Adapted from the contemporary tales of Deborah Eisenberg, Michael John LaChiusa’s ambitious tuner “Little Fish” offers a musically compelling but thematically turgid glimpse into the life and times of underachieving Manhattanite Charlotte (Alice Ripley). The stellar combined efforts of helmer Kirsten Sanderson, music jockey David O, hoofer honcho Jane Lanier and a talented eight-member ensemble cannot elevate a severely restrictive premise that’s dependent upon the machinations of a central character whose boyfriend rightfully compares her to a blob and whose roommate assigns her “all the attributes of fungus and mold.”
LaChiusa crams 25 attractively atonal, attention-grabbing musical interludes into 90 minutes as if to distract the audience from the flatline emotional malaise of Ripley’s Charlotte. She actually appears to be sedated as Charlotte passively absorbs the colorful menagerie of characters that flow through her near-comatose existence. She’s eerily reminiscent of Bobby, the perpetual bachelor from Stephen Sondheim’s landmark 1970 tuner “Company,” but at least he had a sex drive.
Vocally impressive Ripley lends musical credence to Charlotte’s introspective musings, brought on by her decision to give up smoking; but Ripley has not found the subtextual means to transcend a character defined by her inability to act or react. This places added emphasis on the swirl of Gotham dwellers who attempt to pump life into our protag. Sanderson, abetted by Lanier’s imaginatively quirky musical staging, skillfully interweaves some much-needed distracters into the thematic throughline.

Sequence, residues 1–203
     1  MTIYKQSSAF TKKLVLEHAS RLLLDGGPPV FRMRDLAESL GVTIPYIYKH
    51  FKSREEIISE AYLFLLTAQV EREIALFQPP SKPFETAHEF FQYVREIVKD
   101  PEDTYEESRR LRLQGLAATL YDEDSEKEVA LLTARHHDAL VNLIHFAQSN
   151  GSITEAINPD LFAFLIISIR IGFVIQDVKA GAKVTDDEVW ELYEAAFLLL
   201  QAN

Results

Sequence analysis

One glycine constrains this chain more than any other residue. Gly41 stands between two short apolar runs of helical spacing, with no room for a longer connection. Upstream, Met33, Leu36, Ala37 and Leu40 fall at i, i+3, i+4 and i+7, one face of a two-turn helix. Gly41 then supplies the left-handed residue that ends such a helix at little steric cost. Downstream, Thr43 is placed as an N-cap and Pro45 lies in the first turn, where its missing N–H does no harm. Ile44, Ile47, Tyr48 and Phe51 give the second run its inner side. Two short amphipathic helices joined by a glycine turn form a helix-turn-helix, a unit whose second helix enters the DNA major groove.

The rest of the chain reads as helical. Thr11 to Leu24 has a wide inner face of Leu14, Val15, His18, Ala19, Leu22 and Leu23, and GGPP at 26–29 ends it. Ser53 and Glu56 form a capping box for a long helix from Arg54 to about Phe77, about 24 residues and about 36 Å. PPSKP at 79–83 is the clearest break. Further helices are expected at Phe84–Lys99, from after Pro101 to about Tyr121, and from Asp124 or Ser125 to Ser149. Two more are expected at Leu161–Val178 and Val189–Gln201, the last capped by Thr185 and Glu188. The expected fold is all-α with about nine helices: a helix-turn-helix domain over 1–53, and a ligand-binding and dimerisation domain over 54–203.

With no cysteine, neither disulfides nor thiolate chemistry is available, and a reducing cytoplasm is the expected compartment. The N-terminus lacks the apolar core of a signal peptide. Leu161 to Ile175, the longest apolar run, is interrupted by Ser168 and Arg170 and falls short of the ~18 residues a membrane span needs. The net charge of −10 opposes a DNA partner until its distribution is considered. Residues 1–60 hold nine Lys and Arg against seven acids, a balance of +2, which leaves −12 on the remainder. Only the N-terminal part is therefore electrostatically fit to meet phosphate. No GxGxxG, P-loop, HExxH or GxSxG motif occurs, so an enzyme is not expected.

Dina Morishita and Chad Kimball exude a refreshing sense of purpose as Charlotte’s best friends, Kathy and Marco, respectively. They both embrace the inherent dangers of actually living a life as Morishita’s comely fashionista Kathy faces the possibility of cancer (“Remember Me”) and Marco embarks on am addictive but destructive relationship (“I Ran”).
As boyfriend Robert, the central negative figure in Charlotte’s life, Robert Torti projects an obnoxious veracity as he casually but relentlessly skewers every aspect of her being (“Short Story”). Offering a comical turn as Charlotte’s paranoid roommate Cinder, Samantha Shelton appears to literally erupt in frustration at her roomie’s inertness (“Poor Charlotte”).
Brooke Tansley, German Santiago and Gregory Jbara have their moments in less defined roles. Jbara is particularly memorable as the burnt-out middle-aged writer wannabe Mr. Bunder, who makes a half-hearted effort to hit on Charlotte (“By the Way”).
LaChiusa offers “Little Fish” as a metaphor of the post-9/11 melancholy that engulfed many New Yorkers. His conclusion that Charlotte just may find personal salvation by actually swimming in sync with the humanity around her rather than watching it go by is an intriguing premise that does not offer enough substance for a stagework.